Their (behavioral facts') importance is unarguable and central: the regularities of purchase behavior in the product category constitute the "norms" the we as consumer researchers--must "beat" using our psychological theories of how to better produce responses to marketing stimuli.

I guess I don't quite understand how knowing these norms will make us any more likely to produce better marketing stimuli, or more importantly, build better theory. The paper never gets around to explaining just exactly how knowing normative information like "what the average new brand can expect" will improve our theories of process. As you point out, the--marketing "science" models have no consumer behavior theory- in them. Having normative consumer data is valuable for managers. No one denies that. It also helps academics sell their ideas as managerially relevant (to journals and to consulting clients). But beyond that, I don't see it playing a terribly significant role in behavioral theory development. I certainly could be wrong, but I've been unable to think of a single example where that would clearly be the case.

Rossiter's third and final point is that ACR members have failed "to recognize that stochasticity may be a cause of consumer behavior." John says that consumers "go stochastic," and engage in random choice behavior. This is a very provocative idea, much like Bass' (1974) model which requires "no cognition, no memory of past choices." The difference is that Rossiter says that it is voluntary and dependent on consumers developing "an initial purchasing pattern for the product category which indicates when to repeat in a brand loyal sense and when to "go stochastic" and simply selects a brand probabilistically off the shelf" (p. 14). You say people "voluntarily go stochastic." Doesn't it seems just the least bit contradictory to say that consumers use cognition and memory in order to not use cognition and memory in making a choice? Something drives consumer choice: a preference for a box, a color, previous advertising, or something in the mind, but not stochasticity. There is no cognitive tabula rosa. Your assertion flies in the face of an enormous body of psychological literature. Furthermore, what you offer as evidence is no evidence at all. The presence of stochasticity at the aggregate level is no evidence of the absence of psychological process. The only thing it is evidence of is ecological fallacy.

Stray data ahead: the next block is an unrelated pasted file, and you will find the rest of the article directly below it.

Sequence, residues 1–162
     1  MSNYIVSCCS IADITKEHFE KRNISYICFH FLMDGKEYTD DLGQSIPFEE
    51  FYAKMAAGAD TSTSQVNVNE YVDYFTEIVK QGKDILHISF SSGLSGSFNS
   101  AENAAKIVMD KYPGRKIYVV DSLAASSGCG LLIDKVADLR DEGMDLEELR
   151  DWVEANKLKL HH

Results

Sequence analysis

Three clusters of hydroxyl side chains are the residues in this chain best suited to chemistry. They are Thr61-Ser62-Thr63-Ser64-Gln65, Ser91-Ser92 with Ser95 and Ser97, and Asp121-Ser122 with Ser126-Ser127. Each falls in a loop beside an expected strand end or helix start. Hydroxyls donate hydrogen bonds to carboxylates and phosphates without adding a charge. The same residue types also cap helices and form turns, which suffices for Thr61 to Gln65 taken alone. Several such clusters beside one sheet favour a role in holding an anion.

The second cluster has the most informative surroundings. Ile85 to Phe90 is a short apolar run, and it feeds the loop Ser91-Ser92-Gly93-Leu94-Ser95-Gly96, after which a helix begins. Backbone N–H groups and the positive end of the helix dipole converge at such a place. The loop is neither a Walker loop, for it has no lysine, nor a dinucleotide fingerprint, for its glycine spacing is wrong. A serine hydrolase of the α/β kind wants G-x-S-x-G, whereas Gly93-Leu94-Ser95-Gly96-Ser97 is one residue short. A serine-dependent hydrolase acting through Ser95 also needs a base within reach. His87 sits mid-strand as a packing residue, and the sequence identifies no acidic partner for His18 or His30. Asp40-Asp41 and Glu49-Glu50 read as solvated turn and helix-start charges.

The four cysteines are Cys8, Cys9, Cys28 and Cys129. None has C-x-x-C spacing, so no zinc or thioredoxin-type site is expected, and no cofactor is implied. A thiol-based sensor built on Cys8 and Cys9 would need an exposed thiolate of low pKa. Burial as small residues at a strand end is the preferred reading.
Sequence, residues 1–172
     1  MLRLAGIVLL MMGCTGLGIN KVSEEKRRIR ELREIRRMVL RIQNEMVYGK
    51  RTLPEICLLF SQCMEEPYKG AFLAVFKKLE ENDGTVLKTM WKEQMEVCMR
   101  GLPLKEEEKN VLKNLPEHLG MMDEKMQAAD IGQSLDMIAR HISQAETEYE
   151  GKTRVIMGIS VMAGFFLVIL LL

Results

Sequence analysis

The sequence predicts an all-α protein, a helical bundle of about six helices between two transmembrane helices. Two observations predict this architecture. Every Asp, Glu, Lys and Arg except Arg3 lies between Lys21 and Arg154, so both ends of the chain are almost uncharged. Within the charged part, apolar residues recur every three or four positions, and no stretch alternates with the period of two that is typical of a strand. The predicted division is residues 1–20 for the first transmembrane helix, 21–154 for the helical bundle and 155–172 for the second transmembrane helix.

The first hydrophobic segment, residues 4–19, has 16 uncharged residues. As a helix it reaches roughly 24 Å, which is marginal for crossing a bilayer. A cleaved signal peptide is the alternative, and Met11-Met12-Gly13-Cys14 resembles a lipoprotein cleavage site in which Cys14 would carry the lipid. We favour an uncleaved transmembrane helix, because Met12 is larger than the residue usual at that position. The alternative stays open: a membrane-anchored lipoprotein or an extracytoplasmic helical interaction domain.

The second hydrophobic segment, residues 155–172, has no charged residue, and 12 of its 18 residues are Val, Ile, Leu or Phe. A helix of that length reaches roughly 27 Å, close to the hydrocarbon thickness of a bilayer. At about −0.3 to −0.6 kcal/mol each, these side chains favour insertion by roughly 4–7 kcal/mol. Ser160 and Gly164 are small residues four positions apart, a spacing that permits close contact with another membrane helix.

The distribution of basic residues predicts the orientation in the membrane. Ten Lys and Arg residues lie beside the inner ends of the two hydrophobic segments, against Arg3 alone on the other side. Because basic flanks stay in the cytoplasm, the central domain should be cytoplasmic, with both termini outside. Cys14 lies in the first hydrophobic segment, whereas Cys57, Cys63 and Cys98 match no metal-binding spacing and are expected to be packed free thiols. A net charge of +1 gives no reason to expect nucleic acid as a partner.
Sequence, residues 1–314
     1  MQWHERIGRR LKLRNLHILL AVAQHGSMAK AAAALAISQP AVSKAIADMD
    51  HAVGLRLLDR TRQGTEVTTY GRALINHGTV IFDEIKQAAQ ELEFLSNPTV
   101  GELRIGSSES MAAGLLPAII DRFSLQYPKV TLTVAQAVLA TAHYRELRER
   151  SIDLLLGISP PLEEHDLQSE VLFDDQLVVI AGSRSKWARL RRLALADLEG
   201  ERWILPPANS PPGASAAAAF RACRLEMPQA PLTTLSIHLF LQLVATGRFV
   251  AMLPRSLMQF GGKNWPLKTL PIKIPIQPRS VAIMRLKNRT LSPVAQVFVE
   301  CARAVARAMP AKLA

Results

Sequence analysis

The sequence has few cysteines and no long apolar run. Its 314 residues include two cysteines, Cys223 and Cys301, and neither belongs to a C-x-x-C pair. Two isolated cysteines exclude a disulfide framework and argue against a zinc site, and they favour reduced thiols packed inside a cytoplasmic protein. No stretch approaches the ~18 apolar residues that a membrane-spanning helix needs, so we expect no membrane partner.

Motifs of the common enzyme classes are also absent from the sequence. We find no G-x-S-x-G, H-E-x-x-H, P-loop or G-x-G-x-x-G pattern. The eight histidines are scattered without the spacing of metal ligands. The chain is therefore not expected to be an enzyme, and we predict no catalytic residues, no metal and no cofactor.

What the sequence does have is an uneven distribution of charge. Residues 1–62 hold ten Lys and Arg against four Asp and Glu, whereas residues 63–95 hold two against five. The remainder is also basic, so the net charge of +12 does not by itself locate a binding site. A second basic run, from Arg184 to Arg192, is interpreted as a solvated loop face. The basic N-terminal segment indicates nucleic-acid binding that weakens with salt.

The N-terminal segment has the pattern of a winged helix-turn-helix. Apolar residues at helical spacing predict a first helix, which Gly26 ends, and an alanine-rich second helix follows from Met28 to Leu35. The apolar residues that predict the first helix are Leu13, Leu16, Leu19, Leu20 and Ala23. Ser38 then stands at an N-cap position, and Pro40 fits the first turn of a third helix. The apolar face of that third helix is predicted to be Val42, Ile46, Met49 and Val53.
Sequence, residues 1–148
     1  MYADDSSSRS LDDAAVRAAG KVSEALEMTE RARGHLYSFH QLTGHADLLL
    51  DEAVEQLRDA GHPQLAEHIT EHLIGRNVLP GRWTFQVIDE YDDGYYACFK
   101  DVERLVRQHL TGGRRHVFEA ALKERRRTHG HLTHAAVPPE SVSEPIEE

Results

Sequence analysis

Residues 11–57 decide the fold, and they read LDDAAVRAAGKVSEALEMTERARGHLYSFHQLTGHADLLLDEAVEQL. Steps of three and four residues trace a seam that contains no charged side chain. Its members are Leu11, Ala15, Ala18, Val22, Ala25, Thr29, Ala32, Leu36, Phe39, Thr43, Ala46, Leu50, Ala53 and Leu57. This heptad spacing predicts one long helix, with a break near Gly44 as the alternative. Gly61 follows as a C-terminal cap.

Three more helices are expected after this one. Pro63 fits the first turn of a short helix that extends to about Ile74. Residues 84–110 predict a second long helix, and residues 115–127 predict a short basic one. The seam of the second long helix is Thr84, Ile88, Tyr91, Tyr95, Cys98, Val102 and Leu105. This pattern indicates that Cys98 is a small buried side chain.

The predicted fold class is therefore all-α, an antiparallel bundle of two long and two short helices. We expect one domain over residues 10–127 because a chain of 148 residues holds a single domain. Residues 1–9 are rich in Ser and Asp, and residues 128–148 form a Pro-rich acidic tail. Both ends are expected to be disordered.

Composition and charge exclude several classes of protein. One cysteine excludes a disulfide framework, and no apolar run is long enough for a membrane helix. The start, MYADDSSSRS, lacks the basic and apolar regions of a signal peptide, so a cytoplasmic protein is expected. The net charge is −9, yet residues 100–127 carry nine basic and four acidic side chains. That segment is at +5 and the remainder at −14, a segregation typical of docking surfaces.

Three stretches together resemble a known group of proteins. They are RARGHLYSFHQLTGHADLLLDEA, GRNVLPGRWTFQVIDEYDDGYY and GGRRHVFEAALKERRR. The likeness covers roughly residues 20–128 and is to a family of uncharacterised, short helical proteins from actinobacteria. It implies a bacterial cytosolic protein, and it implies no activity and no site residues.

Admittedly, across enough consumers many individual level processes appear to be random or near random. The problem is that if you take a gross dependent measure like brand switching, there are so many cognitive, social, cultural, and situational processes involved that while each of those may be explained in terms of its role and effect on the final outcome, that for some processes that are essentially low risk and multi-factored that there is the appearance of randomness at the aggregate level. That illusory condition is called the ecological fallacy. You are taking aggregate level data and making inferences about individual level process. When some behavioral outcome of admittedly minor consequence involves the use of many inputs which themselves are variously distributed throughout large populations, invoking a large enough N will give you the illusion of stochasticity as cause. But, it is only an illusion.

To conclude, Rossiter blames ACR's "new directions" for all of this non-science, and asserts that we are "missing the boat" in not attending ORSAMMS. Interestingly, he never explains just how the "new direction" of ACR has done this, by what mechanism. He suggests that we should invite them (scientists) back, reform, change our ways and repent. We are in danger of a divorce if we don't mend our ways.

As far as I know, everyone is invited to ACR. I certainly welcome the interaction you propose. I too think consumer researchers should be challenged and confronted by data from advancing technology. I also think it is healthy for us both.


Bass, Frank M. (1974), "The Theory of Stochastic Preferences and Brand Switching," Journal of Marketing Research, 11 (February), 1-20.

Belk, Russell W. (1988), "Effects of Identification with Comic Book Heroes and Villains of Consumption on Materialism Among Former Comic Book Readers," paper presented at the Association for Consumer Research, October, Honolulu.

Dodson, J.-A., Alice M. Tybout and Brian Sternthal (1978), "Impact of Deals and Deal Retraction on Brand Switching," Journal of Marketing Research, 15, (February), 72-81.

Faber, Ronald J. and Thomas C. O'Guinn (1988), "Expanding the View of Consumer Socialization: A Nonutilitarian Mass-Mediated Perspective," in Elizabeth C. Hirschman and Jagdish N. Sheth (eds.), Research in Consumer Behavior, v. 3, Greenwich: JAI Press, pp 49-77.

Holbrook, Morris B. (1988), "Seven Routes to Facilitating The Semiological Interpretation of Consumption Symbolism and Marketing Imagery in Works of Art: Some Tips for Wildcats," paper presented at the Association for Consumer Research, October, Honolulu.

Riesman, David and Howard Rosenborough (1955), "Careers and Consumer Behavior," Consumer Behavior, V. 3, Lincoln H. Clark, ed., New York: New York University Press.

Rossiter, John R. (1988), "Consumer Research and Marketing Science," paper presented at the Association for Consumer Research, October, Honolulu.

Scott, Carol A. (1976), "The Effects of Trial on Repeat Purchase Behavior," Journal of Marketing Research, 13 (August), 263-269.



Thomas C. O'Guinn, University of Illinois


NA - Advances in Consumer Research Volume 16 | 1989